Thursday, December 01, 2011


I’ll bet there’ve been times while you’re paying for a purchase when someone has asked, “Would you like to give $2 to the food bank? ...breast cancer research? ...your local hospital?”

Of course you would. You’re a good person. But wait a little minute before handing over your money.

Next time a cashier asks whether you’d like to donate a couple of bucks to X or Y charity or noble cause, think about where it’s going and why they’re collecting it.

The first place it’s going is into a bundle of dough handed over by kind-hearted souls like you. And the supermarket (or Post Office or other fill-in-the-blanks corporation) is holding onto it, counting it, and getting ready for the day THEY get to donate it to charity. Such presentations are often accompanied by plenty of frou-frah – frequently, even a photo op for the local paper.

They’re using YOUR money, then getting the credit. And that credit is not only of the feel-good variety, but also the tax credit for making a charitable donation.

If this practice annoys you, don’t take it out on the cashier. That person has been directed to ask – in fact, MUST ask every single customer, and can be reprimanded for not doing so.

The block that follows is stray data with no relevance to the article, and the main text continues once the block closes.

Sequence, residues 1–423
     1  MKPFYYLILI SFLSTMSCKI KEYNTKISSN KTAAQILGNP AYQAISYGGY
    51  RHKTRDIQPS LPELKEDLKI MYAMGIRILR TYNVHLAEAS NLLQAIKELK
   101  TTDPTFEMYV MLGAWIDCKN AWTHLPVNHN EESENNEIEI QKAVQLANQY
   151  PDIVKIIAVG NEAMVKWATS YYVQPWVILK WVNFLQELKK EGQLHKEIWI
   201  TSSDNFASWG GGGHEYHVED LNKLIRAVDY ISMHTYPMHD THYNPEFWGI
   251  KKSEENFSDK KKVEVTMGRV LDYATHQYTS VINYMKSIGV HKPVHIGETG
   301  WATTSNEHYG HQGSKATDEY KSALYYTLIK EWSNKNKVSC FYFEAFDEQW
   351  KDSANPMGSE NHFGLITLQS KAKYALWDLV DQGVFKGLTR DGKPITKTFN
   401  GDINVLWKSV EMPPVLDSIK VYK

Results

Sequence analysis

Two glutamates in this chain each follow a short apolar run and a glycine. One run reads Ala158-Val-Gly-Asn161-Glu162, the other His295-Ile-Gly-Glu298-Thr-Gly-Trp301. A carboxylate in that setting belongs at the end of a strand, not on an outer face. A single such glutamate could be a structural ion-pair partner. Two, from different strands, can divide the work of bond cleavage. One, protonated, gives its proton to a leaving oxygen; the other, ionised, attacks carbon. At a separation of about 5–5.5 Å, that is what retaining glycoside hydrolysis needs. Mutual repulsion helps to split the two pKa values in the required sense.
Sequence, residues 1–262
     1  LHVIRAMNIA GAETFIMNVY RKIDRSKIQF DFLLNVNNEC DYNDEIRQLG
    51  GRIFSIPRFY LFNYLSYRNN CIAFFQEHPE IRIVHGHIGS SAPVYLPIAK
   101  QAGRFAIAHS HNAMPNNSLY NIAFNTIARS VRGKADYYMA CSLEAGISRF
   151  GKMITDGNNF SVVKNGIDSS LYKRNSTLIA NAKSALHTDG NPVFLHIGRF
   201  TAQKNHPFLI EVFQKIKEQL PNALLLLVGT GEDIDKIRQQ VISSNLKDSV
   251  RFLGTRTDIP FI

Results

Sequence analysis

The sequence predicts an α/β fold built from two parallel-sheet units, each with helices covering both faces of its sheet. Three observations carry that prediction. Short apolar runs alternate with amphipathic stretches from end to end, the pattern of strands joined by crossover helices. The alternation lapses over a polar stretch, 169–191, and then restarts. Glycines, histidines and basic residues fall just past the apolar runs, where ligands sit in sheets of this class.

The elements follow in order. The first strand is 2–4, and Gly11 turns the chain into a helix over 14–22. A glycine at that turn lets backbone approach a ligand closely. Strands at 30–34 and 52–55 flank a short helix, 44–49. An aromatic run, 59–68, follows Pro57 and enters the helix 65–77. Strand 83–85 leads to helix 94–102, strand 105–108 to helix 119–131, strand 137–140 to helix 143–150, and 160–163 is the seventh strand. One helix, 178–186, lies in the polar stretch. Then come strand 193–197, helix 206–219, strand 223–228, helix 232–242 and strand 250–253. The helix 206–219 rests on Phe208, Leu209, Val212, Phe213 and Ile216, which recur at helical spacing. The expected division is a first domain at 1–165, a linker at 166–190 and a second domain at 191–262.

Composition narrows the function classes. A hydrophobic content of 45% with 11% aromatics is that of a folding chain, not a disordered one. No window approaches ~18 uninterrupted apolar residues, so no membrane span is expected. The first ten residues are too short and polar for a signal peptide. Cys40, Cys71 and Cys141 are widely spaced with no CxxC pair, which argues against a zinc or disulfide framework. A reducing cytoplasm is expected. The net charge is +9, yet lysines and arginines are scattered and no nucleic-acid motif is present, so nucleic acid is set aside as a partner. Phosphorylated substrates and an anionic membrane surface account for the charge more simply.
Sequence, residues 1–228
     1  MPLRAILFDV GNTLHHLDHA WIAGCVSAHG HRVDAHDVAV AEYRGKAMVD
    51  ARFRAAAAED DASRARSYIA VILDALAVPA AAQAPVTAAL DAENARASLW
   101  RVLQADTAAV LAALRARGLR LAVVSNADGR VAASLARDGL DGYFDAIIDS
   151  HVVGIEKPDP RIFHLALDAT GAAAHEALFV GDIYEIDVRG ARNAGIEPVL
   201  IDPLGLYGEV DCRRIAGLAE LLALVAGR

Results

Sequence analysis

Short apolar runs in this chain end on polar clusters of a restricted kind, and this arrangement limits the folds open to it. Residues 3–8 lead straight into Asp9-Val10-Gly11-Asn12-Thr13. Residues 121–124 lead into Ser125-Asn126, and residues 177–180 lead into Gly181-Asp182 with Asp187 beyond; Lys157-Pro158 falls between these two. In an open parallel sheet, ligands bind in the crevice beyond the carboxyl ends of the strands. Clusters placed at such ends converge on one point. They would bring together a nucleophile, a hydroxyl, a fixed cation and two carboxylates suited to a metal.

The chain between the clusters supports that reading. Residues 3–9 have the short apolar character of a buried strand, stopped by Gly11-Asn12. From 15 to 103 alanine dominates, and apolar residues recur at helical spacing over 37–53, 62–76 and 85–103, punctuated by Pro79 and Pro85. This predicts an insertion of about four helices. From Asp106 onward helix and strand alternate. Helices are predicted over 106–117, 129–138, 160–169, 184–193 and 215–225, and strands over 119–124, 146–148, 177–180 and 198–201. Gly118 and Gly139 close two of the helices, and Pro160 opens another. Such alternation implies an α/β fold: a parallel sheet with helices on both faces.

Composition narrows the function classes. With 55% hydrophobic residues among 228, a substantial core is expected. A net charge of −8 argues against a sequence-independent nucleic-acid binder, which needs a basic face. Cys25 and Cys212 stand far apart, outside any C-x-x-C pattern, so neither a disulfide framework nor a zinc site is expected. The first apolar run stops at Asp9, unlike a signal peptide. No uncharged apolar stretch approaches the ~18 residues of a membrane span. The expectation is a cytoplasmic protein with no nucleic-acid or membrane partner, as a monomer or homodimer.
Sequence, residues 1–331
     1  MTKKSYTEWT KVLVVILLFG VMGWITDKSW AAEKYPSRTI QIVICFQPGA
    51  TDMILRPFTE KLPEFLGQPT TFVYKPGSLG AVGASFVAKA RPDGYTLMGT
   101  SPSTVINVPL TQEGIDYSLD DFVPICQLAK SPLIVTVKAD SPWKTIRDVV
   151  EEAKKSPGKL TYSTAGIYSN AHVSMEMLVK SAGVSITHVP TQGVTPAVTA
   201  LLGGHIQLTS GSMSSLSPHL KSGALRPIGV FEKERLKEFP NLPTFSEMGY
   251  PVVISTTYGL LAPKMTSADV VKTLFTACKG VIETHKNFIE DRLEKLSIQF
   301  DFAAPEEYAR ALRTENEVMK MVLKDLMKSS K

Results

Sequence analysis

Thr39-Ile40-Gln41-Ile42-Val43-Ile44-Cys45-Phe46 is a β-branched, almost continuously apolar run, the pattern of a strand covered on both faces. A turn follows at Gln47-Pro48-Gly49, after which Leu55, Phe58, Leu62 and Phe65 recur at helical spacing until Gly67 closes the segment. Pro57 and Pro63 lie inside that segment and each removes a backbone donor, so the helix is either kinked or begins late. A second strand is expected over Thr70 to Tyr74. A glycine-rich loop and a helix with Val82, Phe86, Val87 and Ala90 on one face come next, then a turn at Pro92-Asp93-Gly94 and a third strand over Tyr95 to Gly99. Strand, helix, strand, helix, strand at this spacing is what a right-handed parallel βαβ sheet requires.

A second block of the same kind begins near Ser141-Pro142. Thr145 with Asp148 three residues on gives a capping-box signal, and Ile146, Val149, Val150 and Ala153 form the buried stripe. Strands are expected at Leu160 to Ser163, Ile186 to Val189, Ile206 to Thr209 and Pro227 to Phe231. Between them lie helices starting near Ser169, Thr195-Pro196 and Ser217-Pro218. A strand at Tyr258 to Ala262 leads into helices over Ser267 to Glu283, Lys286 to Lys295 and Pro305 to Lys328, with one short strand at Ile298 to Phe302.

These days when I’m asked, I say: I’m sorry you have to ask me to make a donation. I prefer choosing my own charity and then making a direct donation – that way I not only know where it’s going, I’m the one getting the tax credit, not your employer.

And where it’s just turned December, this is a good time to think about who you’d like to share with, where you’d like your charity dollars to go. Without the coercion of yet another corporate ploy.


Janet Vickers said...

Thanks for letting us know Heidi.

hg said...

And thanks for commenting, Janet. I hope this little nudge will help you figure out where your donation will go this year. After all, 'tis the season for sharing.

vaughan said...

Ah, Heidi, thank you for making this information public. I have known this for a long time and admit I see red every time I am asked at the cash because the whole business makes me so angry. I know too, though, that cashiers have to ask and now, thanks to this blog post, I have something nicer to say than what can sometimes come out of my mouth.

hg said...

I'm glad, Vaughan, (especially where I used to be a supermarket cashier) if I've given you something kinder to say in response to these tiresome requests.
I reckon we all have to do our part, no matter how small, to stand up to the many faces of corporatism. Occupy the Planet!